There was a time when 10 year-olds tended to hang out with other 10 year-olds. Likewise for 12 year-olds. And 14 year-olds. A 10 year-old hanging out with a 17 year-old? Didn’t happen. Now that has changed.
In today’s digital world, with 95% of teens having internet access, 90% using social media and close to 80% having a smartphone, age as a qualifier for both joining in and choosing a peer group has become optional to say the least.
Unless he possesses extraordinary intelligence and perhaps a similar maturity level, a teen needs to be at least 13 to get into high school. Most people can agree that the maturity level required to function at a high school level is markedly higher than is the case in middle school.
There is essentially no age or maturity threshold for entering the smartphone and social media world, unless a parent imposes one. In reality, parents routinely give kids a smartphone or internet enabled iPod or other device at 7 or 8 or years old (your experience may be different), and tween use of these devices is frequently unsupervised. Membership to any social network is available to anyone with an internet connection, an email address and a willingness to lie about one’s age. It’s that simple.
Make no mistake – while most networks and apps have a stated age limit, they are in the business of attracting new users and most will only deny a new user based on age under a very narrow set of circumstances.
Choosing a Peer Group
Let’s leave Facebook aside for a moment, where real names and identities are still most common use case, and parents tend to see at least some of what kids are up to. Once a tween has signed up for a network or app, the peer group or community of friends that he chooses is strictly user-determined. On the internet, nobody know how old you are. Other than parents, most people don’t care.
A 12 year-old on Twitter or Instagram or YouTube or Ask.fm can choose to follow or interact with anyone with a public account, regardless of the age of either party.
Let’s say that your tween is interested in humor, or professional sports, or Call of Duty. It is easy for him to seek out users with common interests and engage as he pleases.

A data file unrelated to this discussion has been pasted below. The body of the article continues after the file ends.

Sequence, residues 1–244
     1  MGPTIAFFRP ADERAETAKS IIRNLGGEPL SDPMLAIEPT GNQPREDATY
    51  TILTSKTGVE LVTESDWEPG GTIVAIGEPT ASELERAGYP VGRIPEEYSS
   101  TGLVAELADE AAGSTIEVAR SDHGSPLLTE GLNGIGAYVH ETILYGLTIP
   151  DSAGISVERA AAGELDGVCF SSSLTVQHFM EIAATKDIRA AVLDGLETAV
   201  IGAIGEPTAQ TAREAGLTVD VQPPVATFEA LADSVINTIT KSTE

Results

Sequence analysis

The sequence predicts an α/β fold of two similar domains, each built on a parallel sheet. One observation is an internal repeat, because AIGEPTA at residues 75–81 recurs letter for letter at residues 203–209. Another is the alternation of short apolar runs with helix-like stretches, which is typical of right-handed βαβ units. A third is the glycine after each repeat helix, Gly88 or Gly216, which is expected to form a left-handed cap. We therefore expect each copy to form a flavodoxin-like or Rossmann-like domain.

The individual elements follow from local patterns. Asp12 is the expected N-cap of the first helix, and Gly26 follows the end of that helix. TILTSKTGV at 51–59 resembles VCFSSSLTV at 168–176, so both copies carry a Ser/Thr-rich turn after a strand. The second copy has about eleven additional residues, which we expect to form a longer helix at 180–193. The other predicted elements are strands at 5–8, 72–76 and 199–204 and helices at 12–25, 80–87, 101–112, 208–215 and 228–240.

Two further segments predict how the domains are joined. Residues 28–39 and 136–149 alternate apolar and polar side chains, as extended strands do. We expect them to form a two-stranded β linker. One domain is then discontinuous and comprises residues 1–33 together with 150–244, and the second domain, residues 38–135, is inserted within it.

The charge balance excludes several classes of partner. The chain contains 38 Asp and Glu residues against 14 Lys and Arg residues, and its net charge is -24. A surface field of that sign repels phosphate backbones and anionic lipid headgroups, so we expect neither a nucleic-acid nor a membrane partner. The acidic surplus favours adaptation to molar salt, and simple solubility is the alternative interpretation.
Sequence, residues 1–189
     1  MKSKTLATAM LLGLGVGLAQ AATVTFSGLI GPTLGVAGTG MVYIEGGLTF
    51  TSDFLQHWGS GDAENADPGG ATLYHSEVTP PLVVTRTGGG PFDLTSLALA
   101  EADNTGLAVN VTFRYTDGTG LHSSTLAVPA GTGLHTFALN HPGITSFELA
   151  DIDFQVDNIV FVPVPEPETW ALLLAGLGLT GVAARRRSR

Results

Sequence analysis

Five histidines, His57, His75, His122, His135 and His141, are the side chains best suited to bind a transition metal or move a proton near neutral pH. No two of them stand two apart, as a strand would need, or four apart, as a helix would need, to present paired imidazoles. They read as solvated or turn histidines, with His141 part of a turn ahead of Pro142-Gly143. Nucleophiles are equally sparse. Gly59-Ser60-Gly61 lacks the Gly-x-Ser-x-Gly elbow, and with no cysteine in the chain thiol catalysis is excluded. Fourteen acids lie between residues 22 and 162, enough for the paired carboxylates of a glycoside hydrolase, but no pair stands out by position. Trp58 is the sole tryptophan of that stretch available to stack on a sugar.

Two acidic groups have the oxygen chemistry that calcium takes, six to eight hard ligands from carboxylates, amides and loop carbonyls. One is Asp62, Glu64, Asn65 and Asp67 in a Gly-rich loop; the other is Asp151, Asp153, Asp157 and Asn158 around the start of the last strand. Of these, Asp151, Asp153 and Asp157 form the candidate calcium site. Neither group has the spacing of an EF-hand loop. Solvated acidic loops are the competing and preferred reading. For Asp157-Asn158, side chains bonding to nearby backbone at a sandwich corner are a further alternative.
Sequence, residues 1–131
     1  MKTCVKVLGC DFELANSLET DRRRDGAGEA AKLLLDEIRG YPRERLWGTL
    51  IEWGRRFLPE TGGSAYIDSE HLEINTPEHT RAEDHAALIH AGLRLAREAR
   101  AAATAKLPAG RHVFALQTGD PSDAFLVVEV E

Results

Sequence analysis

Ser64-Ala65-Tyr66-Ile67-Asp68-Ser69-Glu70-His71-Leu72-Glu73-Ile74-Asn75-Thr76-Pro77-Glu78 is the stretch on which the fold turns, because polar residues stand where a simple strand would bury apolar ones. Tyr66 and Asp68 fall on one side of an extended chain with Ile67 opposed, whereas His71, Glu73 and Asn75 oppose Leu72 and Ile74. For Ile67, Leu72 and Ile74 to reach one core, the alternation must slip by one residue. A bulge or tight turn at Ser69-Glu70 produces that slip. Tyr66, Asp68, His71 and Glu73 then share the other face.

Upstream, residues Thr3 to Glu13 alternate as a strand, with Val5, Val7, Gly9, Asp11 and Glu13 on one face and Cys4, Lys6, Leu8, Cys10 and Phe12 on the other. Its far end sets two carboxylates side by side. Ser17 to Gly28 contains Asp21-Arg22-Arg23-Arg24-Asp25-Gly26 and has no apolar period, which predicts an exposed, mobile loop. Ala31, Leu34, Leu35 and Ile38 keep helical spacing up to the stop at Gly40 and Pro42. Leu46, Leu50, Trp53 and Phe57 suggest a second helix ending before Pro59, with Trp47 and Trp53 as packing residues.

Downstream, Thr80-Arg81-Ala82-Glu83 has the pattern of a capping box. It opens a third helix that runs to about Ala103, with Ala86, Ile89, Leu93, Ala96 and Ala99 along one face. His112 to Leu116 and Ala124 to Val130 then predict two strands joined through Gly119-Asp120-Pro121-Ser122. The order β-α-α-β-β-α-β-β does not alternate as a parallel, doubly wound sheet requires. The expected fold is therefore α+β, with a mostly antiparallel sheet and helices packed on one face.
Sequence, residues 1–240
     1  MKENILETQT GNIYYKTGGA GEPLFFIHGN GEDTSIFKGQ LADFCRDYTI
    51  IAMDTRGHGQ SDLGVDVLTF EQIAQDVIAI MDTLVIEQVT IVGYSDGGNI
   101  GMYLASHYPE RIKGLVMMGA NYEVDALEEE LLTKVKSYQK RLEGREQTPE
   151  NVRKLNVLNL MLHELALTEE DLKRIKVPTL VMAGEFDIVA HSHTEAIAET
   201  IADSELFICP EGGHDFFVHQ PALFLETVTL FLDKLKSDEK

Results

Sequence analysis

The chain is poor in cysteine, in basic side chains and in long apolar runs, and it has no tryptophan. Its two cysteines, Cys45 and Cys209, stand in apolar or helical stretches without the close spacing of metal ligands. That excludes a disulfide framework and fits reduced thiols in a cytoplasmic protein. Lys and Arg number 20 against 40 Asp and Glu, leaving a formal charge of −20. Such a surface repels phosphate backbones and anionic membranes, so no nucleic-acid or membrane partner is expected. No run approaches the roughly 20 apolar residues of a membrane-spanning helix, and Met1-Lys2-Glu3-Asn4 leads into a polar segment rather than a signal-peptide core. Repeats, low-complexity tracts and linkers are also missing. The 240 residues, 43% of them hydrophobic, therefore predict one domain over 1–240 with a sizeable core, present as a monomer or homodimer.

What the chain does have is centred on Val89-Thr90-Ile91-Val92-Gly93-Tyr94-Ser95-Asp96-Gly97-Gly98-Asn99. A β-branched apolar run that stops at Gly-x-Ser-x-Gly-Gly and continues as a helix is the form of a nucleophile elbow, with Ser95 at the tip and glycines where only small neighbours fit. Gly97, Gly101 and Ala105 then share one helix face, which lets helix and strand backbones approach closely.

In doing so, tweens are almost certain to view and interact with content and commentary that was created by, and intended for older users.
Growing Up Faster (Too Fast?)
In following the course of action outlined above, which is not at all uncommon in our experience, tweens are likely to witness things like pornography, cyberbullying, harassment or posting borderline inappropriate selfies.
This is happening in many cases at an earlier age than parents would think appropriate, and than would have been possible absent the smartphone/social media environment in which they now operate.
The adult nature of the content is only one problem. The other is the risk that the tween will view what he is seeing as normal, and perhaps even join in. What’s normal for an 18 year-old could be profoundly taboo for a 10 year-old. In the case of cyberbullying, sexting and harassment, the results can be devastating, both for the victim and your tween.
If you are parent whose tween has a connected device and unsupervised internet access, it is up to you to decide the boundaries of acceptable use, and ensure that your tween is not growing up too fast. This starts with having knowledge of which apps he has downloaded, which social networks he is using and what types of people he is interacting with. If your strategy to date has been to hope for the best, catching up can be daunting task. For parents looking to get up to speed quickly, engaging with ThirdParent can give you a clear picture of what your tween is up to online, and what corrective actions need to be taken. It’s not to late to become more involved.
Contact ThirdParent any time for help and resources for monitoring child and teen internet activity.